ARCHIVE PIECE: Adventures in vegetarianism



Vegetarianism, and its stricter variation veganism, is all the rage these days, isn’t it? We have Leo Varadkar announcing that he’s now eating less meat for health reasons. Veganism – the pure uncut crack to vegetarianism’s cocaine – has become very cool with those ever-on-trend weathervanes of social change, hipsters and celebs.

Meanwhile the meat industry faces strident calls to transition to crops, as all those flatulent cows are blamed for contributing to climate change. (In fairness to the Irish beef industry, we should add, it’s one of the most eco-friendly on the planet, in a number of ways.)

Yep, everyone’s going meat-free in 2019. Except, that is, for your humble correspondent.

I have a rather unusual perspective on all this, you see. I was vegetarian for many years (though never fully vegan – I just love melted cheese on everything too damn much), but have recently returned to consuming animal-flesh. Yes, I know it’s doing things backwards, that’s just how I am.

I bought a mini-disc player about five minutes before they became defunct. I was wearing a man-bun (known then to me as a samurai top-knot) as far back as the millennium; you couldn’t pay me to sport one today. I moved to Japan for work literally within weeks of their economy suffering its first major downturn since the Second World War…and right as Ireland was entering an era of unprecedented growth and employment opportunity.

My sense of timing, therefore, is less than exceptional. And so it is with this whole meat-eating thing: I began my “12 Years a Vegetarian” odyssey around the year 2000, when approximately 15 other people on the entire island weren’t carnivorous, and 14 of those were Hari Krishnas.

It’s so long ago now that I’m a bit hazy on the exact whys of this decision; as far as I can recall, it was a mixture of moral queasiness, nutritional reasons and probably a soupcon of good old-fashioned contrariness. In other words, it amused me to annoy people.

And my God, annoy them it did. It’s a funny irony that vegetarians are constantly stereotyped as nags and zealots, forever demanding that omnivores justify their diet.

In my experience, I have never – not once – been harassed about eating meat by a vegetarian.

On the flipside, though, I was often attacked, assailed, assaulted and harangued for daring to forego the pleasures of a dead beast on my plate. Eventually, I began to empathise with, and even envy, the cows lining up for a bolt to the head.

Where do you get your protein! You’re just trying to be cool! You think you’re better than us! Where do you get your protein! What’s the matter with you! I couldn’t live like that! You must have a tofu turkey at Christmas ha ha ha! You must feel weak all the time! Where do you get your protein!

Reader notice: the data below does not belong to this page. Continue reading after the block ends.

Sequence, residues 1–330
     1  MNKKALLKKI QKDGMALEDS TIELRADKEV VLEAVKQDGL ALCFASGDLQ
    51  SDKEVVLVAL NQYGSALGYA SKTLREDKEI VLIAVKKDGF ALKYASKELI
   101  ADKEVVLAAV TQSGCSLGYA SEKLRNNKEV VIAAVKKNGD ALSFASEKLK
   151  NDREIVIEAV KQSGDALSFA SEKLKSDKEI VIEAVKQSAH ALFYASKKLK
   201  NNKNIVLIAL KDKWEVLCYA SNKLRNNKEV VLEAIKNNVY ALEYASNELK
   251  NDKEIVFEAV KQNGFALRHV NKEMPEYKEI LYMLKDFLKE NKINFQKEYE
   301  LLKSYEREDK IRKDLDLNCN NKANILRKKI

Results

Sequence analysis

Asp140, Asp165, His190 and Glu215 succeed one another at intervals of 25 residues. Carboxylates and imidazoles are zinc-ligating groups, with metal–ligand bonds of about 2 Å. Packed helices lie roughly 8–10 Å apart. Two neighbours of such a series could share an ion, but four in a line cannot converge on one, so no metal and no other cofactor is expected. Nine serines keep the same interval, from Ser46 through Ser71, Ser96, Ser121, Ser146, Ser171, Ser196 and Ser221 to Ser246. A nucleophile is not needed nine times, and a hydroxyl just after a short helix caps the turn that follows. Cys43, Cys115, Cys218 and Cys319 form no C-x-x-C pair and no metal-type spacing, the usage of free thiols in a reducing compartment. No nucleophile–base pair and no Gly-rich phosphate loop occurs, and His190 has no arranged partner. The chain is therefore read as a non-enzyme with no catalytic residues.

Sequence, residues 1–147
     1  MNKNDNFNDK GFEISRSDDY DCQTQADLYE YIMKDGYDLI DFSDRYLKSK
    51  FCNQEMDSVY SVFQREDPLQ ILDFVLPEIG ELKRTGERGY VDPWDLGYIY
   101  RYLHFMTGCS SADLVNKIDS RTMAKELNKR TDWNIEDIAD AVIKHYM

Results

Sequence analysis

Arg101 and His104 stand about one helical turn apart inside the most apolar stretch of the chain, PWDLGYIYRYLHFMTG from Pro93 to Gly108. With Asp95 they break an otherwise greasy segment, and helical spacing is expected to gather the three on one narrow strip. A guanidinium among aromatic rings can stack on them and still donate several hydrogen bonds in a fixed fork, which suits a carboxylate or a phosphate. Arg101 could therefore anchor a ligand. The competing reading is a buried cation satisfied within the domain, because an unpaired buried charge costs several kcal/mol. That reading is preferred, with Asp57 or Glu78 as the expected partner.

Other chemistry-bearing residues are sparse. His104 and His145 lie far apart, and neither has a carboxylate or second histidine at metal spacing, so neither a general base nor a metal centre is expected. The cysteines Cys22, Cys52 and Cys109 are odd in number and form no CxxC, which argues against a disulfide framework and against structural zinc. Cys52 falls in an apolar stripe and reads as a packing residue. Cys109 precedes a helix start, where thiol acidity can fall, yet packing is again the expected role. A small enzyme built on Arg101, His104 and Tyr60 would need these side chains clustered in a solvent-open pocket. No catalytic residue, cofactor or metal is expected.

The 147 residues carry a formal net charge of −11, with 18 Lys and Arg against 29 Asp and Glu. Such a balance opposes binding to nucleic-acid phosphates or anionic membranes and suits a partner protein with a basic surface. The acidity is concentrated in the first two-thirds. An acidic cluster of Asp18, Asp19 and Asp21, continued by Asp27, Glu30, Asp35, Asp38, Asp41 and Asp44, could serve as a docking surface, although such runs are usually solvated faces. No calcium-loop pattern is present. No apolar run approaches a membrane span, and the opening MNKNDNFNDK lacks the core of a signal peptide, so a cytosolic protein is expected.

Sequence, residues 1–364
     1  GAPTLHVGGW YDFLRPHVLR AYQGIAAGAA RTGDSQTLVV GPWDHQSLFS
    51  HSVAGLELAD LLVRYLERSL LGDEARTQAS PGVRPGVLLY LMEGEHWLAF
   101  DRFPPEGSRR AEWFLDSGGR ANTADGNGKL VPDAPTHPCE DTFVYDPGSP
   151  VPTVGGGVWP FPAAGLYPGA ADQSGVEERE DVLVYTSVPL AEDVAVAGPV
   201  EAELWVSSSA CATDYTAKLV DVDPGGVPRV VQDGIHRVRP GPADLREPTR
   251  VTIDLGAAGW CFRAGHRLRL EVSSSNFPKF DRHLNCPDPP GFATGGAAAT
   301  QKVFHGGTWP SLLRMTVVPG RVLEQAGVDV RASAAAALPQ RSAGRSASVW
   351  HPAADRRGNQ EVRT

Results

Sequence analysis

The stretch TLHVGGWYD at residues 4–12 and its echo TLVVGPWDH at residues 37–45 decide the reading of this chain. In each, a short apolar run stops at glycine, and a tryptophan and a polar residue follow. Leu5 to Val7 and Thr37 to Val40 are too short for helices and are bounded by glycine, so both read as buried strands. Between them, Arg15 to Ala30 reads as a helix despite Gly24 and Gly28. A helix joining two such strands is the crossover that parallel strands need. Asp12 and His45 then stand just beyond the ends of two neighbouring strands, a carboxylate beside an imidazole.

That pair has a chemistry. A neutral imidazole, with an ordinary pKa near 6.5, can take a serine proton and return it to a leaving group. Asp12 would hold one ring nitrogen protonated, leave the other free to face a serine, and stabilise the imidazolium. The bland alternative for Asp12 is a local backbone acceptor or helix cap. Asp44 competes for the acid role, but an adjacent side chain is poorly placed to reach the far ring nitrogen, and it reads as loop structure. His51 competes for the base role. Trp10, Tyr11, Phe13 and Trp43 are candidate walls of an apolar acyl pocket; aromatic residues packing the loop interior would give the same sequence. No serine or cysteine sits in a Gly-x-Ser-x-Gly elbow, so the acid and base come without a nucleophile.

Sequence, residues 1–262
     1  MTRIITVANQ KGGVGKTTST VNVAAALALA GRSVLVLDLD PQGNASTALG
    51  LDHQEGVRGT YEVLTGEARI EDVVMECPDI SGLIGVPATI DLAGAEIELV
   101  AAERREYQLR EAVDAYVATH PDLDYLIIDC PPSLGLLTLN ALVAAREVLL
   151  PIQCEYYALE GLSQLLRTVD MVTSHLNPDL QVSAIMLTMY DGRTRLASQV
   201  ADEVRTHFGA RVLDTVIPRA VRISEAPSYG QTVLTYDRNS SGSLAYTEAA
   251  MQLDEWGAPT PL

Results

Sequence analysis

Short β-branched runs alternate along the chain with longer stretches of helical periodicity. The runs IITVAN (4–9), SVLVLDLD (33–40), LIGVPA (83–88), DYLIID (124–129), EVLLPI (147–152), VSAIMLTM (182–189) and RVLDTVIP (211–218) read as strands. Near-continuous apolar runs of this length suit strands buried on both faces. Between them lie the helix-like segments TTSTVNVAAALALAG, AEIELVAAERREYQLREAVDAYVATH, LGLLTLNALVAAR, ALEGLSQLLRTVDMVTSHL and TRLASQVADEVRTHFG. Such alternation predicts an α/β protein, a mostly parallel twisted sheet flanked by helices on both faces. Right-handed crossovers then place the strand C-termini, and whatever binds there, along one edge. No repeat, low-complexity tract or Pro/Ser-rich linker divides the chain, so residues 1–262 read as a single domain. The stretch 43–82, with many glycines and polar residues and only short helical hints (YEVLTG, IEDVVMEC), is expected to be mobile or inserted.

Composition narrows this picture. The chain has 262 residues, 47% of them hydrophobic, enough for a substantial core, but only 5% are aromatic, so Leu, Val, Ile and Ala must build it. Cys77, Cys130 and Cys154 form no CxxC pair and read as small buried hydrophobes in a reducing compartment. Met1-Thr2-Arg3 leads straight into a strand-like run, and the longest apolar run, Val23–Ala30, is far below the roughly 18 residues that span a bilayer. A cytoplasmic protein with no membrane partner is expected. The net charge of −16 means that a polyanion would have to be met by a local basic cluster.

By the end I used to wonder if these people had shares in a meat-processing plant or something. They seemed so personally invested in what I had for dinner. Like – why do you care so much? I don’t give a rat’s ass what you eat…including if it’s actually a rat’s ass.

Anyway, around six or seven years ago, I went back eating fish. Society just wore me down, I guess.

I got tired of explaining my meal in restaurants; the one single thing I find more boring than talking about food is talking about myself. I got tired of paying nearly the same prices for vegetable- or bean-based dishes as intensive-production meat ones – it’s a total rip-off.

And I got tired of asking the waitress at weddings if the chef couldn’t possibly cook something different for me. From now on, I reckoned, at least I can say: “I’ll have the salmon.”

That led, inexorably, to a gradual reengagement with culinary corpses. Now I eat meat sometimes; I’ve added “I’ll have the beef” to my repertoire at weddings.

I hardly ever cook it myself – and I’d forgotten what a stinking mess meat makes of your kitchen, as opposed to vegetarian food – but it’s handy when you’re out and the only veggie option is “goat’s cheese tart with salad”.

Ah no, I exaggerate: in fact, after a decade-and-a-bit of enduring stir-fried veg and rice at social functions, many eateries now have a decent range of vegetarian dishes.

Which is a bit ironic, when you think about it. But it’s not the only one: after years of people hassling me for being vegetarian, I can now look forward to years of people hassling me for being a callous murderer and/or ruining the planet.

Talk about going against the prevailing currents. Then again, as Roy Keane famously said, the only thing that goes with the current is a dead fish.

Which I am about to eat with lemon and tartar sauce. Somewhere in a parallel dimension, where things took a different turn, another Darragh – still vegetarian – is shuddering with disgust, without quite understanding why.


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